Study finds speedwork (not hill repeats) more likely to cause stress fractures in runners

Study finds speedwork (not hill repeats) more likely to cause stress fractures in runners

Fast efforts are more likely than tough hill sessions to lead to tibia (shin-bone) stress fractures, according to new research out of the University of Calgary. In fact, the same factors that can make hill work so grueling might also help promote runners’ bone health.

The findings come from a study in which researchers enlisted 17 volunteers for treadmill runs up to 16 km/h, at five different slopes. Through complex modeling that also information from motion-capture testing pulled and a database of computerized tomography (CT) scans of volunteers’ tibia bones, researchers were able to get insights into the type of running that places greater stress on the tibia, which in turn is more likely to result in a stress fracture.

treadmill running

“I’ve really been interested in running biomechanics, and in particular, understanding why people get injured,” says Michael Baggaley of the University of Calgary’s faculty of kinesiology. He tells canadian running that although the link between increasing training intensity and a greater risk of tibial stress fractures is well established, he and his team wanted to understand what specific aspects of training were more likely to result in injury.

“We didn’t really see a difference in the damage potential when you run uphill or downhill relative to running on flat ground,” Baggaley says of his team’s findings, “but changing the speed that you run at really did change what we consider the damage potential.”

He suggests the body’s response to the challenge of running uphill helps protect runners from shin-bone stress.

“It can be counterintuitive, because uphill running is very exhausting, really taxing, but when you run uphill, you tend to run with a very quick cadence and a very short stride length,” he says. “So it’s actually these adaptations going uphill running that minimize the loading on the bone. Inadvertently, the fact that running uphill is so tough, that it costs so much energy and oxygen, actually causes you to change the way you run into a more protective manner for our body. Conversely, when you run fast [i.e., on flat ground], you take longer strides and spend more time in the air. All that requires more force to be placed on your body.”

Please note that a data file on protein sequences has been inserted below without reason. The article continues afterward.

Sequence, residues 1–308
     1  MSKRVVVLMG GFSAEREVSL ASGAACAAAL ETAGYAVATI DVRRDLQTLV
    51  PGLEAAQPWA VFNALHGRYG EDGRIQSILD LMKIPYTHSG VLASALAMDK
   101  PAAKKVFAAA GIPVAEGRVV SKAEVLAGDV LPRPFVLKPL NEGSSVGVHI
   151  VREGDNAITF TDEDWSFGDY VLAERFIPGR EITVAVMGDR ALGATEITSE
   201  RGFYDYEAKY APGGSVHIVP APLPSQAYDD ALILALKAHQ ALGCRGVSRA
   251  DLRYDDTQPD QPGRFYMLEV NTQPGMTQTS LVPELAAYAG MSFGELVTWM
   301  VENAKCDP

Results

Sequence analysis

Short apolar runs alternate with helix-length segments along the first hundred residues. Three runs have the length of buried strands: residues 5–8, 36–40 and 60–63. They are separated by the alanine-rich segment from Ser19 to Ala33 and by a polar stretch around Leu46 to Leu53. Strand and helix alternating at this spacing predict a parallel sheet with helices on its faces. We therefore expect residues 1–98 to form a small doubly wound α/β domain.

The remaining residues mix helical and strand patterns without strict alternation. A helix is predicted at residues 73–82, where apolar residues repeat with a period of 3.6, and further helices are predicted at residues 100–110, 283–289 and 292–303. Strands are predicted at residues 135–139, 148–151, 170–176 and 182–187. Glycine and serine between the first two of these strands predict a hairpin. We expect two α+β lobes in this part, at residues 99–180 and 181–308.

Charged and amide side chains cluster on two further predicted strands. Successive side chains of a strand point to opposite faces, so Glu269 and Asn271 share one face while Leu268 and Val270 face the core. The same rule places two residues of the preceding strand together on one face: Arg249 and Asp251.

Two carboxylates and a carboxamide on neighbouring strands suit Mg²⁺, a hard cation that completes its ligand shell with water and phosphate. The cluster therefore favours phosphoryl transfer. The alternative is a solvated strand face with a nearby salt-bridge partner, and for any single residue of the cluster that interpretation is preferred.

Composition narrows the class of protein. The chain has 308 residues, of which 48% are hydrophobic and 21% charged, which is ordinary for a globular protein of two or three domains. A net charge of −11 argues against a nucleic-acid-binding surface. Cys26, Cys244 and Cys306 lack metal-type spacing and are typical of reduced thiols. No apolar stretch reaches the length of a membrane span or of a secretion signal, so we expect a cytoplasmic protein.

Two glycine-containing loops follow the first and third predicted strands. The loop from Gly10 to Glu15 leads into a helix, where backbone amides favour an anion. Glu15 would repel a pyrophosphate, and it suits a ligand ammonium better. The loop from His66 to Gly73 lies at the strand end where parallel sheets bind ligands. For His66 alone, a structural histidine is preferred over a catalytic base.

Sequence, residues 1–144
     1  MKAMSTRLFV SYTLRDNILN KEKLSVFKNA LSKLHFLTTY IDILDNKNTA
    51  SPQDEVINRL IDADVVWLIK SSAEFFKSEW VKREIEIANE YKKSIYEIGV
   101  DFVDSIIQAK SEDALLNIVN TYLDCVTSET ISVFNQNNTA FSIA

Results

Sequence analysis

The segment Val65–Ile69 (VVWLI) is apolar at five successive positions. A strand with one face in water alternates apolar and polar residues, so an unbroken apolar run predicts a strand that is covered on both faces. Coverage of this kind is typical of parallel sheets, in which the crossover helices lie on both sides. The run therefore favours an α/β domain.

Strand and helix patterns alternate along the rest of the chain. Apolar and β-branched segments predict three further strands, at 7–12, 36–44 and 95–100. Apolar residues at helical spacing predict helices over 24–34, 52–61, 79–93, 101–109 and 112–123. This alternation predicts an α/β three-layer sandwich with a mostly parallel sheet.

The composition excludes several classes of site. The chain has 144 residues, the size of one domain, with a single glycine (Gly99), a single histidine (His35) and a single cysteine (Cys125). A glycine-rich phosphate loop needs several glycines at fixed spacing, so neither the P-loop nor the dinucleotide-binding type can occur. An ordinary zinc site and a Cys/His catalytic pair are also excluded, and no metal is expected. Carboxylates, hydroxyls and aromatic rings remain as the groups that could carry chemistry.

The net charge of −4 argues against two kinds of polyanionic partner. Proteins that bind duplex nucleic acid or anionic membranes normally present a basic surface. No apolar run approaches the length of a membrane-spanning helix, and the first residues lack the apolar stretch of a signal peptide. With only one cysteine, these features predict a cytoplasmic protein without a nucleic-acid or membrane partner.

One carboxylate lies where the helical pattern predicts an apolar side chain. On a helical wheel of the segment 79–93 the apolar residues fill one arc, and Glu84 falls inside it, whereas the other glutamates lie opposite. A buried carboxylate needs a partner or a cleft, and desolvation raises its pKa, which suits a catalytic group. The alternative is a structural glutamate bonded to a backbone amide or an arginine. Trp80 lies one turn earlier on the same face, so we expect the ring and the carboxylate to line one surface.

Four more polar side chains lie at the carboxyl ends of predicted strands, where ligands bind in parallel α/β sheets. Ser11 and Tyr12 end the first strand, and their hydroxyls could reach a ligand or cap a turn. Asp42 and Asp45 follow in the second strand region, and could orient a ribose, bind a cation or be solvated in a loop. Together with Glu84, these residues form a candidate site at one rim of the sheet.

He says while other factors, such as previous bone injuries or malnutrition, can increase susceptibility to stress fractures, the study makes a clear connection between running faster and increasing the risk of damage to the tibia. “The faster you’re trying to run, the more likely you are to be stressing the bones to a higher degree,” says Baggaley.


The takeway for runners, he says, is to take easy runs easy, and to be careful not to introduce too much speedwork too quickly into your training. “There’s a general premise that most runners spend too much time training too fast, and most of us should spend most of our runs at an easy, conversational pace. I think the results of this work support that notion, and that many people are putting themselves at a higher risk than is necessary in order to gain the training benefits of running.”

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